Development Corporation supports the Challenge Program and its efforts to help students, parents and other community members and stakeholders to learn about the highly-skilled trade occupations available in our region.

The Polytechnic Expo had a defined focus of connecting students to educational pathways that can lead to rewarding careers. Statistics indicate there will be many great opportunities in the coming years in the technical trades and service industries. This

Polytechnic Career Awareness Expo on

October 11 was the perfect time to learn about these various careers and how to take advantage of these prospects.”

To further support the Polytechnic

Expo, the Indiana County Development

Corporation as well as the Indiana

County Chamber of Commerce agreed to each provide a $250 scholarship to students who attended and registered an application for the award.

According to James Wiley, ICDC president, “the Indiana County

Development Corporation (ICDC) enthusiastically supported this county- wide event.”

PBC: How has the opioid crisis affected local employers’ abilities to find talent and what local efforts are being made to combat the issue?

Stauffer: The opioid crisis has taken a toll in much of Southwestern

Pennsylvania. Indiana County is unfortunately not an exception to the rule. Indiana County is fortunate to have the Armstrong-Indiana-Clarion Drug

& Alcohol Commission, The Open Door

Drug Counseling Service and Spirit Life in partnership with other state, county and local agencies, all working, as a team, to defeat this crisis that impacts families, employers, and the community at-large.

PBC: Between the Act 89 grants and

The Regional Transportation Alliance of Southwestern Pennsylvania there’s been plenty of news about regional transportation and transit projects in the area. What projects are currently 7underway with construction and what ones are still in the planning phase?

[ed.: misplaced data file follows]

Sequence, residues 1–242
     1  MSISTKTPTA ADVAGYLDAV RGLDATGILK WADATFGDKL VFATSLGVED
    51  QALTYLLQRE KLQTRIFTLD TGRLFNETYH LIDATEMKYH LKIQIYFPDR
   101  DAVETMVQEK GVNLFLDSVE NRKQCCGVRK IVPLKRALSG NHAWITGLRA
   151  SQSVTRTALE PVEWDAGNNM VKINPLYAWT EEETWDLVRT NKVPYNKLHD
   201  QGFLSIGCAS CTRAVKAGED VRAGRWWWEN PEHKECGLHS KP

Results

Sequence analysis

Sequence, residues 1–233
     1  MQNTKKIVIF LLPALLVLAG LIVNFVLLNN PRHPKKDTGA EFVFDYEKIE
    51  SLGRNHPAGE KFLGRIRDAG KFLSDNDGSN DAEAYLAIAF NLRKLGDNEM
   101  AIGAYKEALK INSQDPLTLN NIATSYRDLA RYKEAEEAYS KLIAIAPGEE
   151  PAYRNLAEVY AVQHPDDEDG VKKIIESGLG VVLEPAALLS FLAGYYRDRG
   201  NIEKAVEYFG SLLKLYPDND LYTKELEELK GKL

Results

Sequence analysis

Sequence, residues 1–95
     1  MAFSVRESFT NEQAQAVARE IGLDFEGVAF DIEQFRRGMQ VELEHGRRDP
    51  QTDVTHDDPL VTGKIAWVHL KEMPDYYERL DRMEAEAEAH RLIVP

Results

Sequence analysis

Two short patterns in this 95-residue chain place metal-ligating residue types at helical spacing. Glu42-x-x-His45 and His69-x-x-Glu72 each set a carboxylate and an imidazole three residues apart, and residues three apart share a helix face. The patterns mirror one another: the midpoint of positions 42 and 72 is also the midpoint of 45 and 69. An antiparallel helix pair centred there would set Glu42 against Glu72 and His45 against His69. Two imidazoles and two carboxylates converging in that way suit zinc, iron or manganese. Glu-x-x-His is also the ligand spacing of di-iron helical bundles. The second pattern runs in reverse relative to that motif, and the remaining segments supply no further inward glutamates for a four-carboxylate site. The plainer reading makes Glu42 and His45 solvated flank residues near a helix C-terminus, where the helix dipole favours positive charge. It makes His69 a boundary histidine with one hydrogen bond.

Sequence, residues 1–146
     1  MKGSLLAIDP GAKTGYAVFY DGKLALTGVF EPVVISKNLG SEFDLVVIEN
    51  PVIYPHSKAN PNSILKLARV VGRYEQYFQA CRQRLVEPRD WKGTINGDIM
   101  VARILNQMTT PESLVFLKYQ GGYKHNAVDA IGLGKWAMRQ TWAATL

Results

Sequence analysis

Stauffer: US Route 422 is the primary east-west option to cross the north portion of our region providing access to I-79, I-99 and the Pennsylvania Turnpike. The Wray Road Cut project near Kittanning is currently under construction and future projects have been identified such as the Kittanning Elementary and Margaret Road Intersection to improve the overall flow and safety of this important regional corridor between Indiana and Kittanning.

The 10 transit agencies, including Indiana County Transit Authority (IndiGo), operating in our region, operate 195 routes that collectively provide over 1.9 million hours of service every year. Often times these services are generally provided independently of each other. Recent studies have shown that there could be an opportunity to coordinate operations among our region’s transit agencies.

Southwest Pennsylvania Commission through their Public Participation Panel model continues to monitor and report transportation updates and priorities to the county.

PBC: What will be the greatest challenges and opportunities facing Indiana County and the CEO in the coming years?

Stauffer: People, Place, Progress has become a key mantra for Indiana County. We work constantly to retain and recruit workers and their families. We concentrate on making Indiana County the right place to work, invest, receive an education, visit, play and raise a family.

Community officials are gearing up for the holidays in Downtown Indiana, decorating the downtown area ahead of the Lucy Donnelly Holiday Parade and the First Commonwealth Bank “It’s A Wonderful Life” Festivals, featuring a 42 foot live Christmas tree with activities to follow on weekends through December 17th in IRMC Park.

Progress is our foremost goal; we are always planning for the future to keep Indiana County on the move. Business recruitment and retention as well as workforce education and training are the opportunities addressed each day.